This is my first time posting but feel the need to get some opinions. About 9 months after my last birth, I had to have some "repair work" done to my perineum and rectum due to some leakage problems. I am now pregnant again(to my definite surprise!!) and saw my urogynecologist this morning. She said that she doesn't even recommend me having labor never mind another vaginal birth. She said it will most definitely tear and need surgery again. My GYN says it is up to me. This really bothers me as I never thought of having a cesarean birth. I just wanted to see if anyone here knows of any methods to prevent tearing in a situation like this? I have read people suggesting perineal massage and yoga and exercise. But has anyone had success with this before??
The archives at www.gentlebirth.org should also have a lot of good info for you in the perineal protection section.
It seems like its mostly going to depend on how supportive your Dr. is though... You might want to find out in advance what s/he does to help reduce the chance of tearing, so if you dont like the answers, you can either make a few suggestions or try to find another care provider. Good luck!
Have you considered seeing a physical therapist who specializes in pelvic floor rehabilitation? They have extensive training in pelvic floor issues and therapies and would be able to best evaluate your chances of avoiding tearing and preparing yourself for laboring. You can probably google "pelvic floor physical therapy" + "your city name" to get some referrals (use quotes the way I did).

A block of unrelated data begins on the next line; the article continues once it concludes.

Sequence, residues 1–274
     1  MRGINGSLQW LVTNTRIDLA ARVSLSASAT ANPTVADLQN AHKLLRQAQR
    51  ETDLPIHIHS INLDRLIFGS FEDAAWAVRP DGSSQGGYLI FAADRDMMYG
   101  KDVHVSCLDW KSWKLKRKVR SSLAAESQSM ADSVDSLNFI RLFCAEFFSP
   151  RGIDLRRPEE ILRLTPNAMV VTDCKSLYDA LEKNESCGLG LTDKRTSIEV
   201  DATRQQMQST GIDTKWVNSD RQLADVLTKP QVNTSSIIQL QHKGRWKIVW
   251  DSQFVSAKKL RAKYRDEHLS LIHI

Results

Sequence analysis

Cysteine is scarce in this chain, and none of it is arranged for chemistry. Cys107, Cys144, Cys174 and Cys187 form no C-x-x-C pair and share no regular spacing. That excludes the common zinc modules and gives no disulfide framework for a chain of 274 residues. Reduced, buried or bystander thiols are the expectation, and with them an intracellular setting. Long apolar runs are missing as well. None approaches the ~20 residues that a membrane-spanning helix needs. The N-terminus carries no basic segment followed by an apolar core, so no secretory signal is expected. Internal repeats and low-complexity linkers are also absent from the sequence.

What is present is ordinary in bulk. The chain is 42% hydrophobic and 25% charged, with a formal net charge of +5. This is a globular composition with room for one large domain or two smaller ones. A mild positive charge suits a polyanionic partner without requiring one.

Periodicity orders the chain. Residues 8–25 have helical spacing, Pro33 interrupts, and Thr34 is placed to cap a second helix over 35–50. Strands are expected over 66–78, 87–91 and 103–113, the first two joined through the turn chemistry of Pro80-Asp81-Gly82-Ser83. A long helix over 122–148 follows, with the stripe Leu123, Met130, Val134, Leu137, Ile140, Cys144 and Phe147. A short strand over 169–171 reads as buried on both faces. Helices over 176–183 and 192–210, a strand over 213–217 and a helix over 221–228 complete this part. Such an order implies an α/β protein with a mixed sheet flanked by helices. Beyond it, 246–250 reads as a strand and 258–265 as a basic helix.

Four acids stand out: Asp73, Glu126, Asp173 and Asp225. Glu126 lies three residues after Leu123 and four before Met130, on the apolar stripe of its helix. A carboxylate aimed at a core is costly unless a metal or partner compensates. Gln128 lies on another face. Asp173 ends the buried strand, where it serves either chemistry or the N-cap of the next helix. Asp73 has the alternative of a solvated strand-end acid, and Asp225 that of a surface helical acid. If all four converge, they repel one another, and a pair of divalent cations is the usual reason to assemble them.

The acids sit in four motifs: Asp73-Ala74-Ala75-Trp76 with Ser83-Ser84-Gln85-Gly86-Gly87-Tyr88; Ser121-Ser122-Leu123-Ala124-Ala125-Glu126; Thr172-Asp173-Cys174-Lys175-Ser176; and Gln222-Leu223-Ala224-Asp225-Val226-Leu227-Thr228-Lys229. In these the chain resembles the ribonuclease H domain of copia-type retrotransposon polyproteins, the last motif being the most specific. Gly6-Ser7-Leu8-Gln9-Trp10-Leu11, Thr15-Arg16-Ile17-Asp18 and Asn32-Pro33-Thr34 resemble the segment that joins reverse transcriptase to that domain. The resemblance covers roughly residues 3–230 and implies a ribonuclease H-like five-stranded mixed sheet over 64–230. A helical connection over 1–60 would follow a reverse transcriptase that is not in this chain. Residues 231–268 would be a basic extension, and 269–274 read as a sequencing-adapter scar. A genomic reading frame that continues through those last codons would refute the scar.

I agree - I don't think a cesarean is necessarily warranted. I had a fourth degree with a repair at 15 months postpartum and I would NEVER consider a cesarean just because of that.
I would focus on eating well, staying hydrated, being able to push when you want in whatever position you want, keep all hands off your vulva/vagina during pushing and waterbirth. You don't have to tear again. If you do tear, you're more than likely to tear along your old scarline, but the good news is that it will be superficial, vs a deep muscle/tissue laceration that is typically found with episiotomies.
Good for you for questioning that advice. Two things that lead to more damage and more surgeries are vacuum extraction and forceps. Be sure your OB/GYN knows that you are adamantly avoiding those two interventions. The forceps tend to damage the urethra and front area, and the vacuum extractor tends to do more damage to the pelvic floor. HTH We will be thinking of yoU!